Mid-Week Conundrum: Prolo or Pro-no?

Ahhhh, I’m back at the old crossroads of evaluating ways to provide more lasting relief from this chronic SI injury. With my frustration levels reaching new heights, I am back in the same conversation about whether prolotherapy is a suitable treatment plan for me.

What’s prolotherapy? It’s one or a series of injections of an irritant solution that is intended to create an inflammatory response. It increases collagen formation and protein synthesis, basically creating a scar tissue that can reduce ligament laxity.  Doesn’t that all just sound scientific-y and wonderful?

Well that’s a winning slogan if I ever saw one.

Unfortunately, as with most treatment paths, it carries with it a fair deal of controversy around long term (and even short term) effectiveness, both sides of which are largely anecdotal. You know the drill: someone’s cousin’s sister had it and it made the problem twice as bad, another person’s dog-walker’s husband had it and he ran a marathon the next week. In the wake of such compelling evidence, how is one expected to make a decision?

I tried to do research, but realized I hate research. After reading a grand total of six articles, including some long and incredibly dry, small sample medical studies, this is what I have to offer for my own consideration:

–There appear to be few long-term, large sample-size studies of the impact of prolotherapy, particularly on SI joint pain. Strike one.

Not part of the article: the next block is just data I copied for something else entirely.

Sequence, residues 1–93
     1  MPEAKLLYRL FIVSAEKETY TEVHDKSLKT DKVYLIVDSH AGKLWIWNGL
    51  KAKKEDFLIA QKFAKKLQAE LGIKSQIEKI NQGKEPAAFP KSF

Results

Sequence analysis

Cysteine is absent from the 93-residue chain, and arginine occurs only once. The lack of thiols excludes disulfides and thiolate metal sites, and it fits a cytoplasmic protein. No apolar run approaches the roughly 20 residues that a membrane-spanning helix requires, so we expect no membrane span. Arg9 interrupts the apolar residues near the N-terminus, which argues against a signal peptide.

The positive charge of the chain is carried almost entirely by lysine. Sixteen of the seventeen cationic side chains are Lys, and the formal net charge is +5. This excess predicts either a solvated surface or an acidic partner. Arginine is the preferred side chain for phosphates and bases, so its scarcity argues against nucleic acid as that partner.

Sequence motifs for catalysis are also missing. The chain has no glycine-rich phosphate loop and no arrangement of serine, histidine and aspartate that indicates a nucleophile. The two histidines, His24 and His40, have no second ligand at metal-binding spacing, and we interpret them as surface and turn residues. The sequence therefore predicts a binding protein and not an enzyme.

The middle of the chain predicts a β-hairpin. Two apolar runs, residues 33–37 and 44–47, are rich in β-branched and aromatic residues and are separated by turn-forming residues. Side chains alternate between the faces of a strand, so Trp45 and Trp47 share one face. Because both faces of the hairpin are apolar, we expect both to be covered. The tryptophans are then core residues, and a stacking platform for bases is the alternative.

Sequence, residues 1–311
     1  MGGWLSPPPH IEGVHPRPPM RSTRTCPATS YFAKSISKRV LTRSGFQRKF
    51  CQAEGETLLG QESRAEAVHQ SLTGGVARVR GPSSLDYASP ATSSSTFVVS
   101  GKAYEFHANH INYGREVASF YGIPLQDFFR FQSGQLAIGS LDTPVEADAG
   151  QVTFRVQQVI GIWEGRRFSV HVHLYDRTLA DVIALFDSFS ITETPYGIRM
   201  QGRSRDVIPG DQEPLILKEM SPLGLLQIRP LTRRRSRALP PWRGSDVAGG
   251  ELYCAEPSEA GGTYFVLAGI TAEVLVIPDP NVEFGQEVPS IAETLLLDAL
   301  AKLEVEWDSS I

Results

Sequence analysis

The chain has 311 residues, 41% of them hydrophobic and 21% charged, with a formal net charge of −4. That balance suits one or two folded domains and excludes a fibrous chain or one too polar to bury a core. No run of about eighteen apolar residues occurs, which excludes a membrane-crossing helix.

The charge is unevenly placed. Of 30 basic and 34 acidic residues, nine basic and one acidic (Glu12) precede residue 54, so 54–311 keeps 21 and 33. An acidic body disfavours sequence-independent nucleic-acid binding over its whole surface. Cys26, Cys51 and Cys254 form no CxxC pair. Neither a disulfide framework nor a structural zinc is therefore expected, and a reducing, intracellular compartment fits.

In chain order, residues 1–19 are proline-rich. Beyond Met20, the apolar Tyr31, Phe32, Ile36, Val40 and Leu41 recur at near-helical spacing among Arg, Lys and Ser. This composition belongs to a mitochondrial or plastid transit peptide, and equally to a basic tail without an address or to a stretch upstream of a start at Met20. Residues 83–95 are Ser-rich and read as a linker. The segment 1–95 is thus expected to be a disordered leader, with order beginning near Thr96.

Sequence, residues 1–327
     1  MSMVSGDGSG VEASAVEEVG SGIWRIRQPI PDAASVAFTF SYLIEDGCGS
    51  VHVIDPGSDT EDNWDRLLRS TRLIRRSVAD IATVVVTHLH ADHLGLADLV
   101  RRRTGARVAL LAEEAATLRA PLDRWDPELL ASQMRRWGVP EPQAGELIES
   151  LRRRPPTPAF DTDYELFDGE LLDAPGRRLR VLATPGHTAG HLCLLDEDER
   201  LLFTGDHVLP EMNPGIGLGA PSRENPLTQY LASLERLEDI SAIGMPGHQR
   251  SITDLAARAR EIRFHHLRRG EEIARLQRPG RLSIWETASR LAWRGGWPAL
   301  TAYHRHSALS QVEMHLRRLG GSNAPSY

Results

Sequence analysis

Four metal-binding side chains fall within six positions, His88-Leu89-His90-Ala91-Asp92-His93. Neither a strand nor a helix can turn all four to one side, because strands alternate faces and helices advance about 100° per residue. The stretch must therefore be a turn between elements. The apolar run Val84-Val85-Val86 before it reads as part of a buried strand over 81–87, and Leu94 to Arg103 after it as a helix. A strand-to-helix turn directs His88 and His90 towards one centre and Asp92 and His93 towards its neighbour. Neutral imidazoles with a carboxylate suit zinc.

–It hurts like a bitch. Well, yes, I imagine that sticking a needle into a joint, and then aggravating the hell out of it with an irritant solution will do that. As the scar tissue forms, most people experience pain similar to their initial injury.  Although I can handle that, and have a number of times since this injury, I still give this a strike two.

–For some, it has caused long-term pain relief and the ability to resume normal activities after just a few treatments. One point in its favour.

–It may create a softer and less dense form of collagen tissues, which  may prevent the formation of denser and more effective collagen forms. Evidently, this could someone cause more long-term issues, though why isn’t clear to me. Strike three.

–Severe side effects of rash, infection or nerve damage can occur, but this seems to be more about the individual themselves or hack doctors administering the solution. I consider this a low risk and therefore it is neither a strike nor a point in favour.

–The collagen tissues formed can reduce ligament laxity, giving the illusion and feel of greater joint stability. Much like the pain reduction, this can lead to a return to more intense activity. Two points in favour!

–It’s relatively straight-forward and non-invasive. It’s a few injections. For SI joints, it’s not near your spinal cord so there’s no scary ‘I-don’t-want-a-needle-near-my-spinal-cord’ moments. Three points in favour.

We have a tie here. If anyone has had an experience with prolotherapy, good or bad, please chime in–and I will even accept the anecdotal tale of your long-lost best friend’s sister’s husband.  I need all the help I can get here.



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